Mysterious Candles | flag game

Mysterious Candles |  flag game

The probability of drawing 3 cards at random from the deck – the game we’ve focused on for the last two weeks – is just the probability that the third card drawn is the only one out of the remaining 79 that can be ‘joined’ with the first two, whatever they may be, i.e. 1/79 .

Since the game starts with 12 cards randomly placed on the table, there will be as many starts as there are combinations of 81 items taken 12 by 12, that is 81.80.79… 70/12!: about 70.7 billion.

The maximum number of cards that can be placed on the table without forming any combination is 20; Although the probability of this happening is already 19 less than one in a billion. As a curious anecdote, this is illustrated by Italian mathematician Giuseppe Pellegrino in 1971before creating the group (but that’s another article).

Regarding the average number of combinations we can expect with 12 cards on the table, this is what “featured user” Francisco Montesinos comments: “If we have 12 cards drawn at random, to form a combination, the first one of 12 methods can be chosen, the second of 11 and the third has a probability p = 10/79 of being in the remaining ten, so the possible number of combinations will be 12.11.(10/79)/6 = 220/79 = 2, 78″.

In the case of a mini deck, with only 3 properties and 27 cards, the probability that 3 randomly drawn cards will form a group will be 1/25, because, for any initial pair, only one of the remaining 25 cards will form a group with two of them.

Magdalene Penitent with Two Candles (c. 1625-1650), another type of painting by Georges de la Tour, in New York City.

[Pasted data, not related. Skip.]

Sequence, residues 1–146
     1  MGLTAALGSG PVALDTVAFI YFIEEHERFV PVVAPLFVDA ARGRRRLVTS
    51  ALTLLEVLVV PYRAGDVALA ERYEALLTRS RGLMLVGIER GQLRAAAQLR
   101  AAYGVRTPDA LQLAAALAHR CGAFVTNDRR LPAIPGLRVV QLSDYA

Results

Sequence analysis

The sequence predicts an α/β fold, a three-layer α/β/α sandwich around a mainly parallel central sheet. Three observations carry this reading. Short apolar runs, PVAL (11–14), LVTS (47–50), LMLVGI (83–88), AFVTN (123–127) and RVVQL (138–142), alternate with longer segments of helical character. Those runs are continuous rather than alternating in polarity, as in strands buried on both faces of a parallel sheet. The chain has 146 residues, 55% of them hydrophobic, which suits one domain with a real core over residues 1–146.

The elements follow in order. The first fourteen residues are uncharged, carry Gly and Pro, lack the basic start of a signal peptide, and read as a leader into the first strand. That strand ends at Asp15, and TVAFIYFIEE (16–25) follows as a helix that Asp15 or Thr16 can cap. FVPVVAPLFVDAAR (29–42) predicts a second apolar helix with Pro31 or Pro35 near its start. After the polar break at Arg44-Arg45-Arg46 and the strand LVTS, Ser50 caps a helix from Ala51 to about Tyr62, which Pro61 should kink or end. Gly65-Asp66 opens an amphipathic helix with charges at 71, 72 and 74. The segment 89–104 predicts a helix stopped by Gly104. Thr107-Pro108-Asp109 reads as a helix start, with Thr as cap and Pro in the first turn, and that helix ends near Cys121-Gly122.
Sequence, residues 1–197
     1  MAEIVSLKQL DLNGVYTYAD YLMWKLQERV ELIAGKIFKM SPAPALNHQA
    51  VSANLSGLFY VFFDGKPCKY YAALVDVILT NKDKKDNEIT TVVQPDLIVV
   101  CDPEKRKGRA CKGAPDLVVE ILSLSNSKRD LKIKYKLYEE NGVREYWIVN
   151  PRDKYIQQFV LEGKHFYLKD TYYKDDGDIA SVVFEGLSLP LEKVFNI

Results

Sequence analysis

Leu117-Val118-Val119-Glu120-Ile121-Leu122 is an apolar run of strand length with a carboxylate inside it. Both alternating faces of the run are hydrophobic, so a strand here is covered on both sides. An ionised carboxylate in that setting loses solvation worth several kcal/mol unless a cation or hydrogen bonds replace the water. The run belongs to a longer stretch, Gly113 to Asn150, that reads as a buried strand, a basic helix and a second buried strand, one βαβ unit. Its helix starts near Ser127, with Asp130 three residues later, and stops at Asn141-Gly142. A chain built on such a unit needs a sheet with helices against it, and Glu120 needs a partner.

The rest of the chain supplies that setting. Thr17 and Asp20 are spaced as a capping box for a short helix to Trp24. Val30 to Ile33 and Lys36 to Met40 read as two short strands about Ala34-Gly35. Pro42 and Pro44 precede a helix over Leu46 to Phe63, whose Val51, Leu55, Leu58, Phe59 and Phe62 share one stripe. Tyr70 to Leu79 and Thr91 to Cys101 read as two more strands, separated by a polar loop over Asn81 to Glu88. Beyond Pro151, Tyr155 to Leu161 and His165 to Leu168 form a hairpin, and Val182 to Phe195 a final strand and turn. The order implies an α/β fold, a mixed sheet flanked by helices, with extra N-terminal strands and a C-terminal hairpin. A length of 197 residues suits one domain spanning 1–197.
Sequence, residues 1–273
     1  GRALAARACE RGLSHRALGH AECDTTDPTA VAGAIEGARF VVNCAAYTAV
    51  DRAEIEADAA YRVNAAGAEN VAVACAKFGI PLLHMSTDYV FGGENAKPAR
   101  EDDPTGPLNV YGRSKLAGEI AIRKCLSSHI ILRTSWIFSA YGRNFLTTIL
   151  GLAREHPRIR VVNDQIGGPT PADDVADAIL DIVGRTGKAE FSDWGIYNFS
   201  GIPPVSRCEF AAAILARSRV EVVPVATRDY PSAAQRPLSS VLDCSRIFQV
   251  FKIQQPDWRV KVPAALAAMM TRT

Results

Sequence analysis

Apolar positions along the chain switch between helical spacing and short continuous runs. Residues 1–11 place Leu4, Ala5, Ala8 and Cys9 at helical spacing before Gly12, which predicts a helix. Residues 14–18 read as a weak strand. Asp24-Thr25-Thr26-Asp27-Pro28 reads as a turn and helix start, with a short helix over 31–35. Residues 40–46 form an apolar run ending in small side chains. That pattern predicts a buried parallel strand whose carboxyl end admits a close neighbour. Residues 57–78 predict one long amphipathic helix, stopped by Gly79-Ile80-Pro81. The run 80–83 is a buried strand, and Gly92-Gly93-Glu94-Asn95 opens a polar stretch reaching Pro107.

No wax over burns

With the Easter candles still burning, it seems like a good time to bring up some issues regarding candles and their burning times:

1. I lit a candle on Monday and kept it burning for an hour. On Tuesday I lit two candles and kept them burning for an hour. On Wednesday I lit three candles and kept them burning for an hour, and so on, every day I lit another candle and kept them burning for an hour… until today, when I ran out of candles. Knowing that it takes 4 hours for each candle to burn completely, what day is it?

2. “How fast time goes by! An old man says wistfully as he puts the candles away from my last anniversary cake. The day before yesterday, there were 77 candles on my birthday cake and next year I will need 3 more.” when is your birthday?

3. We have two cylinder candles of the same height and the same material, but one is slightly thicker than the other, so that one takes 4 hours to burn completely and the other 5 hours. At some point, we extinguish both at the same time and notice that the height of the thickest candle is four times greater than the height of the other. how long has it been?

And finally, one very similar to the one taken from the XX Mathematical Olympiad:

4. We put two candles of different heights in the garden. The longest ones are 28 cm and take 7 hours to burn, and the shorter ones, which are thicker, take 11 hours to burn. We turn them on at the same time the party starts and 3 hours later, when friends leave, we turn them off. At that moment they are both the same height. What is the height of the shortest sail originally?

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